By Brandon McFarlane
A cloud of uncertainty looms over the future of Centretown’s Central Lawn Bowling Club as the closing of what may be their last season approaches.
“We just don’t have enough people,” says Margaret Smith, treasurer of the approximately 80-year-old Centretown club. “We need 20 or 30 members next year to make it worth while.”
If more members aren’t found, the club may close its doors for the last time. Smith says club membership has dropped from nearly 40 when she joined 15 years ago to only eight today.
The Bronson Avenue club has tried unsuccessfully in the past to raise their numbers by advertising in Centretown News, handing out leaflets, and postings notices inside churches. Any semblance of effort has withered away with time.
The club has struggled to attract new members – especially younger ones – and many of the older members have died.
The Elmdale Lawn Bowling Club, just south of the Queensway, has maintained their numbers over the years, but fear they may fall into the same trap as the Central club.
“We’re going to have a real attempt next year to attract younger people,” said Elmdale’s spokesperson Colin Richardson. “[Lawn bowling] is a game that is hundreds of years old and played all over the world. Somehow, in this area, people think it’s just for seniors but it certainly isn’t.”
Next year, the club is planning a media campaign to draw some younger members to their ranks. This past season, Elmdale used a free opening day and a discounted $30 membership fee to attract first timers. Richardson suggests effort and the best lanes in Ottawa are their advantage over clubs like Central.
“I’ve been past there. Their greens appear to be very badly maintained,” says Richardson. “They have very few members that are very old, and once they’re gone they’re gone. I guess they haven’t made a big enough effort.”
Smith says Central’s greens have had a bad season. Croquet Ottawa, who is responsible for maintaining the grass, accidentally used the wrong seed package, covering the field with weeds.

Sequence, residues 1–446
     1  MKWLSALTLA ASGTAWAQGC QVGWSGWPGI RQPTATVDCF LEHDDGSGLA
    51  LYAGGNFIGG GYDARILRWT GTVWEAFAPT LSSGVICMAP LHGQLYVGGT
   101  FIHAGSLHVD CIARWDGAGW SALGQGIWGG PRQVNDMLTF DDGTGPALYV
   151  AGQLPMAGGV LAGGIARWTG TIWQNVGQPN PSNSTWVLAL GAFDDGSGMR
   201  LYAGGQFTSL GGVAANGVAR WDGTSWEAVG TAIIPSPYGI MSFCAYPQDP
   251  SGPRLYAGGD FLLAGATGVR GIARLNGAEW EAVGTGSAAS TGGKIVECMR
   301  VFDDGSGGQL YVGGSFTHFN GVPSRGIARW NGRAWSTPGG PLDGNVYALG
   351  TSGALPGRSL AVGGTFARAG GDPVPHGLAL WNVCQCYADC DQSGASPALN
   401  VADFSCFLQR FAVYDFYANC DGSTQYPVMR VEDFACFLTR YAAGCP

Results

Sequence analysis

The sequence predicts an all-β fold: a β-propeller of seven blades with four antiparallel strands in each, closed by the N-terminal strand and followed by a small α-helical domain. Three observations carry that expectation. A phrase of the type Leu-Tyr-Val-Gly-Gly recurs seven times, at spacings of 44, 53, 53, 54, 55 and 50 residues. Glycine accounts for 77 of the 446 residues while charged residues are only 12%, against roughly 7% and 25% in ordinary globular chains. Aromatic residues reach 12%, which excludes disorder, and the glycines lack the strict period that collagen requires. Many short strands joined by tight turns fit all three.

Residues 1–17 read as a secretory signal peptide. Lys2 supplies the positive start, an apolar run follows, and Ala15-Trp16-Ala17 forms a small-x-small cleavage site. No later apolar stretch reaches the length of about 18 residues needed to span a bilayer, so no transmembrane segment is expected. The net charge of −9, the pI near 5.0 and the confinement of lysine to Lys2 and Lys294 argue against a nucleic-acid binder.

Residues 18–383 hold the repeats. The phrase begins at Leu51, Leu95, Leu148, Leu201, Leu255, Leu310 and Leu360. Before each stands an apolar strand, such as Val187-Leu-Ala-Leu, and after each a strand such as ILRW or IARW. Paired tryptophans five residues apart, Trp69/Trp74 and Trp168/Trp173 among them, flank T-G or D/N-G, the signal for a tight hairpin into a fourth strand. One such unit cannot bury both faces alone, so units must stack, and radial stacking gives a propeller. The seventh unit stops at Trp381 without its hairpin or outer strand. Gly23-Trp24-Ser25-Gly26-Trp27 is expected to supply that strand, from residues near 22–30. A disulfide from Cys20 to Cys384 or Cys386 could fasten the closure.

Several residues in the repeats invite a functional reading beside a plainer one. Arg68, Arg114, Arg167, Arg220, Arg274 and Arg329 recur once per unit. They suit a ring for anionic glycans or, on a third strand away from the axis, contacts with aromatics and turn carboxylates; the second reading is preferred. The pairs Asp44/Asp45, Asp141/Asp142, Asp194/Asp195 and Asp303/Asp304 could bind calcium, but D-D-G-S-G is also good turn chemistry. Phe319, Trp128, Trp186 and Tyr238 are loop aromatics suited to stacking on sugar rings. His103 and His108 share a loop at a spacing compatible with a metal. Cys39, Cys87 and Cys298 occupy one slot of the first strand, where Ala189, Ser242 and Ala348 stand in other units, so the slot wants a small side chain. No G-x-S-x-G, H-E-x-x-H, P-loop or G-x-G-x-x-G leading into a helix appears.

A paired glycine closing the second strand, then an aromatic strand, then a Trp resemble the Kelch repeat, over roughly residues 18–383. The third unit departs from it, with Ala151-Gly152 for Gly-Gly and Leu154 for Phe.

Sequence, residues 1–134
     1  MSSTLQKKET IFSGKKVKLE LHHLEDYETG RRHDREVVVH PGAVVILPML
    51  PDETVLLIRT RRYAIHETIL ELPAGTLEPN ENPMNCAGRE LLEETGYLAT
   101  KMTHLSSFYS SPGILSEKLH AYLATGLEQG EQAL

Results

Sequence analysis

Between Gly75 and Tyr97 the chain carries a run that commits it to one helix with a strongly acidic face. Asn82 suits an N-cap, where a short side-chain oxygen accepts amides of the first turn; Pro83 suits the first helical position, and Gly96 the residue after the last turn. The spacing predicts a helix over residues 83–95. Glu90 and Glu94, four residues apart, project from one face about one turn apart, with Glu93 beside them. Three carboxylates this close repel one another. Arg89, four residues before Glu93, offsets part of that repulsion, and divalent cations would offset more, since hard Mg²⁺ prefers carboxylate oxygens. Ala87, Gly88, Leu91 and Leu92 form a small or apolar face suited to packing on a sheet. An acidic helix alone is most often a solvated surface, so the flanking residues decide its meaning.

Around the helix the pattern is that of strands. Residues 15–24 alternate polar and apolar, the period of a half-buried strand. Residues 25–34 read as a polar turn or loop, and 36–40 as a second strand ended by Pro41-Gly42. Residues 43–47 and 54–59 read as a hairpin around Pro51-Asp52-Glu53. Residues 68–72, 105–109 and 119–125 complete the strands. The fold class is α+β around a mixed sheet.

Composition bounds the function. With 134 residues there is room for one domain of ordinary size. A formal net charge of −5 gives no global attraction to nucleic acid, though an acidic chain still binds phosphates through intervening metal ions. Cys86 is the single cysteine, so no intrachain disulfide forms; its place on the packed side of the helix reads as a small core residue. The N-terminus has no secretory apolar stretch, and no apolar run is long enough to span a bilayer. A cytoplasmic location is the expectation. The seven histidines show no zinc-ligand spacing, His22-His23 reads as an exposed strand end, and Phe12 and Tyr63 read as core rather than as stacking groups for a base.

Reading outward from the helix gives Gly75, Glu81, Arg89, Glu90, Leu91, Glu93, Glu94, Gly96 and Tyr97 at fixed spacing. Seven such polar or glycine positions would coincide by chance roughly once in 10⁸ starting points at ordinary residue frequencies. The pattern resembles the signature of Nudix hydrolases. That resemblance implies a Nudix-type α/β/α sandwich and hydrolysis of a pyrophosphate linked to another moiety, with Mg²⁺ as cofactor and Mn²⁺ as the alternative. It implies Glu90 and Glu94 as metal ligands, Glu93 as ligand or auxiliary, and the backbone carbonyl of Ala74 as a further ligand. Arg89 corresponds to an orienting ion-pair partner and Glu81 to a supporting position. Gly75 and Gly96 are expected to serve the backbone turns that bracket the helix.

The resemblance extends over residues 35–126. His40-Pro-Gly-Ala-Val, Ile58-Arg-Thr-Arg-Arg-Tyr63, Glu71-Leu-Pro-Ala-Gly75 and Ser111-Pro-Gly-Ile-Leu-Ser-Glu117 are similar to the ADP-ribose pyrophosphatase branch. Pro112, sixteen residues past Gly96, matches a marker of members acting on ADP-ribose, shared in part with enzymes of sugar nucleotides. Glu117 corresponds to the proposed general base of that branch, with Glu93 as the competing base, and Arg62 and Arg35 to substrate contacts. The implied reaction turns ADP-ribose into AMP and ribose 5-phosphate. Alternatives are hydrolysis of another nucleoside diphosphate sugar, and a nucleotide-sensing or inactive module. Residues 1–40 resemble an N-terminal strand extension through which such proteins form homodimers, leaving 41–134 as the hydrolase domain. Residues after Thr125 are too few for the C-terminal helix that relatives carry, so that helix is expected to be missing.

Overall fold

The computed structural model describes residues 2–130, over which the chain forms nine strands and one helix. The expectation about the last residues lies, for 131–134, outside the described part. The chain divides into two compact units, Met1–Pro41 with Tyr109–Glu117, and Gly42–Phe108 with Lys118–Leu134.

Smith also says the age of their members prevents them from putting forth any more effort.
“In our case it’s difficult,” said Smith. “We’re all older people and we don’t have the enthusiasm to go out anymore.”
Meanwhile, the Ottawa Tennis and Lawn Bowling Club (OTLBC) became a hub of Canadian bowling this past summer. The club hosted the Canadian National Junior Championship in August. Top junior bowlers from across Canada came to the Ottawa club to compete, bringing with them a slew of media coverage.
“It showed the higher skill of bowling. A true inspiration,” says Elmer Janzen the Ottawa club’s greenskeeper.
The club is optimistic the much needed press coverage boosted their numbers, but won’t know for certain until they do their season’s end paper work. Janzen says at the beginning of the year, the OTLBC had been able to attract some younger members. He says the club’s 100 members are all aged over 60 or below 14. Many hope these few juniors will save the sport from literally dying out.
The OTLBC is also planning a big effort next spring to attract more members. They have recruited several new people this year by offering a fee reduction to members who bring in new bowlers.
The Central Lawn Bowling Club can’t offer a similar discount, because the organization bills members retroactively. At the end of the year, the club calculates the cost for using the City of Ottawa facility and then splits the bill with Croquet Ottawa. Together the groups pay for maintenance, lighting, and for equipment. This year’s bill could be huge for the eight Central members.
And the membership continues to dwindle. The club’s president, Smith’s husband Clifford, had his bowling season cut short with health problems. This is the last thing the member hungry club wanted to face this summer. Unless there is a miraculous increase in numbers, the club’s demise could be at hand.
“I’m sorry we couldn’t give you a more positive story,” says Smith.